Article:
When you first start to treat spasticity, it’s likely that your muscles will be very stiff. To help loosen them up, start with range of motion exercises like this wrist stretch:
2. Active Spasticity Treatment Exercises
If you have some movement in the spastic muscles, then active rehabilitation exercise will be your ticket to success.
A great spasticity exercise for legs is knee extensions:
Again, the more reps you do, the more your brain will rewire itself and reduce your spasticity.
You’ll recover quickly this way because you’re getting the brain on board – and that addresses the root problem.
3. Combining Exercise with Electrical Stimulation
Another great way to boost your results from your spasticity treatment exercises is by combining it with electrical stimulation.
This involves using an e-stim machine to apply electric current to your affected muscles. This helps “wake up” your brain through the stimulation.
Most neurological injuries (like stroke,TBII, and SCI) respond to electrical stimulation — and these results are amplified when e-stim is combined with therapeutic exercise.
How to Treat Spasticity in Paralyzed Muscles
Sometimes muscles become so stiff with spasticity that you develop contractures or they become paralyzed.
The following methods can help reduce spasticity in paralyzed muscles:
4. Passive Exercise
When you can’t move your muscles due to high tone, you can begin the rewiring process through passive exercise.
This simply means assisting your affected muscles through each movement – either with the help of a caregiver or by using your non-affected side.
Although you aren’t “doing it yourself,” passive movement still helps activate neuroplasticity. As you begin to regain movement, you can graduate to active exercises.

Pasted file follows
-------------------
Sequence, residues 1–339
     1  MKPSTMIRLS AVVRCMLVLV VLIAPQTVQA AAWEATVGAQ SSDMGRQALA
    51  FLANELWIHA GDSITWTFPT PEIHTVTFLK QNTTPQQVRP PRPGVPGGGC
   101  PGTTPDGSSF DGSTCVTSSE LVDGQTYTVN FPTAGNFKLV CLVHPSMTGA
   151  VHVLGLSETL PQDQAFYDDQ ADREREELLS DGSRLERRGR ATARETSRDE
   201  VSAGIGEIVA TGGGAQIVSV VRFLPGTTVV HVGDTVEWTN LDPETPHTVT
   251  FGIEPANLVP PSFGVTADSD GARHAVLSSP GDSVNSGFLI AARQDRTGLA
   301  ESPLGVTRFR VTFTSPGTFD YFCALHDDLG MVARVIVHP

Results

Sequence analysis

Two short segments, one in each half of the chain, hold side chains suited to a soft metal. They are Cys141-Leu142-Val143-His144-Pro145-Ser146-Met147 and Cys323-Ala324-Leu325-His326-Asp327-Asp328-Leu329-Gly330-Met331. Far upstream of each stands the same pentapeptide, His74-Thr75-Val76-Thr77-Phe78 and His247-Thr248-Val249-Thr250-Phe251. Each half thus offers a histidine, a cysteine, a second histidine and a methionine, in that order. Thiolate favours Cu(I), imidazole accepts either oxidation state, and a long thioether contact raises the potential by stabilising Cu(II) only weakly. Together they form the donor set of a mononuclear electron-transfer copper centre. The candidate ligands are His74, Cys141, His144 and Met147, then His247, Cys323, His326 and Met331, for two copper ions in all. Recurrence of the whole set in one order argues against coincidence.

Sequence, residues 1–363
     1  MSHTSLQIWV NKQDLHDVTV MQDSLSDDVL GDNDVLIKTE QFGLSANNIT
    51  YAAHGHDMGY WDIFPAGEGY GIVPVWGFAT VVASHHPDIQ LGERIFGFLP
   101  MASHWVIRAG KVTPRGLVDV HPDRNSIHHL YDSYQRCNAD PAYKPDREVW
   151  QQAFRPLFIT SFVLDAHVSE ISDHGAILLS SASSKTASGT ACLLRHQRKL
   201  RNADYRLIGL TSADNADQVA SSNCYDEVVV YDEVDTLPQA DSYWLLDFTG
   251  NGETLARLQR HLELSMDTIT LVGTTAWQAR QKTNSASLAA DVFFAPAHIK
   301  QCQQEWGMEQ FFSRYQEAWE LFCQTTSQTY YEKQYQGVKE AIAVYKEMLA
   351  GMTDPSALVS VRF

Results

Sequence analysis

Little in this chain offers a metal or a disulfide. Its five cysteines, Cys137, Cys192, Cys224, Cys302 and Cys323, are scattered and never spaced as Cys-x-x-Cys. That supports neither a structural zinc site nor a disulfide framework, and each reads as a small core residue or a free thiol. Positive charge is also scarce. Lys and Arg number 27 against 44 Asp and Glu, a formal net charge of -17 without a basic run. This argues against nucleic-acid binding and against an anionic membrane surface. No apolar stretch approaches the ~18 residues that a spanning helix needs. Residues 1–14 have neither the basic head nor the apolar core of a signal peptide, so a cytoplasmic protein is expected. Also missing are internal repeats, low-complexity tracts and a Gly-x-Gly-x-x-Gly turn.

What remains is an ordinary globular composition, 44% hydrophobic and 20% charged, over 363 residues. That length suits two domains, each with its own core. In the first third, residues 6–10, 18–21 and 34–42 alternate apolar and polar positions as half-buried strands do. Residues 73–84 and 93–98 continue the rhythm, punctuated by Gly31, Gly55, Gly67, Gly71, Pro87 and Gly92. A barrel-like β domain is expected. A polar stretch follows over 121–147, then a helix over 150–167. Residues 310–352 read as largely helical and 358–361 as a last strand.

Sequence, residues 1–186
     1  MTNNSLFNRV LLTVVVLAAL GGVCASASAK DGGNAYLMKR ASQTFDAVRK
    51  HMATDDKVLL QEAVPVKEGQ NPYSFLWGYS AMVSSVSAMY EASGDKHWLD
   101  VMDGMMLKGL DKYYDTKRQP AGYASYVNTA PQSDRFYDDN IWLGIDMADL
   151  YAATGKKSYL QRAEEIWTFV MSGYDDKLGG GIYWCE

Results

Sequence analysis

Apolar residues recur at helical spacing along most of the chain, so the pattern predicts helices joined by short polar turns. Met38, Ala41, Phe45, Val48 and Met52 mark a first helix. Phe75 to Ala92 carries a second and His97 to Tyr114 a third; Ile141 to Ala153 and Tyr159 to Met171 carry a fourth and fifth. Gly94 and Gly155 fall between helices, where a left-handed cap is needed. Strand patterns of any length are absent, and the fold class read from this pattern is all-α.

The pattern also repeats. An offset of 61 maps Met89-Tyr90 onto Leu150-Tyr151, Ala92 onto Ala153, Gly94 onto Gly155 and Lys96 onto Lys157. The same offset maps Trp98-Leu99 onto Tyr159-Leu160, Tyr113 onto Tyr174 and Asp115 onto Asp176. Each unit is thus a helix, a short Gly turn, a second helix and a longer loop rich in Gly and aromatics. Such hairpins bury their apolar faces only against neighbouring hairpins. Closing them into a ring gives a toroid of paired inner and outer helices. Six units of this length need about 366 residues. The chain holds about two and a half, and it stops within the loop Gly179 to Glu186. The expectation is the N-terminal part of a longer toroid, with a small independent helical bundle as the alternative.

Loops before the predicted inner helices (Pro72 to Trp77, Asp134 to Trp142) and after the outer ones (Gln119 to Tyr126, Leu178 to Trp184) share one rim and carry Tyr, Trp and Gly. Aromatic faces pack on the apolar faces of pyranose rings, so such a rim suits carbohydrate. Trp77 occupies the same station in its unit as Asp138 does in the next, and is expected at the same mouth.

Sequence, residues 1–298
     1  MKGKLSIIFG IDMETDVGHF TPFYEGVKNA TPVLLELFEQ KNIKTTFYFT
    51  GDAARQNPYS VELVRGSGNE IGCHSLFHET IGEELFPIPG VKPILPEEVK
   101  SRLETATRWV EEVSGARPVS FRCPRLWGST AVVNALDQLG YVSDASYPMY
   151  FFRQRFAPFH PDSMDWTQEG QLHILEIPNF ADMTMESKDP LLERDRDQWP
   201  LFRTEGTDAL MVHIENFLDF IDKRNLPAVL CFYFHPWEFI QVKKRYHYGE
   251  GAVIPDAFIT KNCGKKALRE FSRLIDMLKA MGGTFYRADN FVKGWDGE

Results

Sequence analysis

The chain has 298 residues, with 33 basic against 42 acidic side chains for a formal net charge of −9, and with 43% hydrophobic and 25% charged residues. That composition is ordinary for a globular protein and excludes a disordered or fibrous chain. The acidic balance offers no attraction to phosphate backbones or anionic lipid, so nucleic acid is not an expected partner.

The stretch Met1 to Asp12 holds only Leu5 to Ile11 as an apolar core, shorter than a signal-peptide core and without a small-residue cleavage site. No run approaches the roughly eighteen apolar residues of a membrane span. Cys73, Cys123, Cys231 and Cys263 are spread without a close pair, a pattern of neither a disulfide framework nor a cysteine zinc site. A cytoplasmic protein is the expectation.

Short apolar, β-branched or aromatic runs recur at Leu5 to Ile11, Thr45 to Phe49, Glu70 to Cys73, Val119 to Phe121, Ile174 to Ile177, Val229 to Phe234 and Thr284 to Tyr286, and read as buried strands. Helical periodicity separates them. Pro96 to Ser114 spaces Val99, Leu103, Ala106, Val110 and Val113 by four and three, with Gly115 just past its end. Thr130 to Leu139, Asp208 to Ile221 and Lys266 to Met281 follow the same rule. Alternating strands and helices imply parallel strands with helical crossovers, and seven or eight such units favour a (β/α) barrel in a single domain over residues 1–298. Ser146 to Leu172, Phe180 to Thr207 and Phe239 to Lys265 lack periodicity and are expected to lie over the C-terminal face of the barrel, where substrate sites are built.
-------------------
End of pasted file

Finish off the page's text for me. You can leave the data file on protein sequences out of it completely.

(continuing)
5. Mirror Therapy Exercises
Mirror therapy is a special form of therapy that involves “tricking” your brain into believing that you’re moving your affected hand by using a tabletop mirror.
Although you logically know better, this trick helps activate neuroplasticity and introduce movement into your affected, spastic hand!
Mirror therapy is mostly useful for upper extremities like hand and arm rehab.
6. Mental Practice
Lastly,mental practice is a great way to boost neuroplasticity by simply visualizing yourself moving your spastic muscles.
Imagine boosting your results while lying in bed! Don’t skip this step – it’s easy and clinically proven to help.
Spasticity as a Surprising Sign of Recovery
You are now aware that spasticity is caused by miscommunication between your brain and your muscles…
And this should bring you tons hope that your spasticity is treatable because it means that your muscles are still trying to communicate with your brain!
Your body hasn’t given up, and neither should you.
There are tons of success stories of neurological injury patients who regained more mobility than doctors predicted. Never give up hope.
Even if you have no movement in your spastic muscles, keep focusing on activating neuroplasticity with high repetition.
Eventually, your spasticity will start to improve – for good!
Thanks to all stroke survivors for their concern for sharing.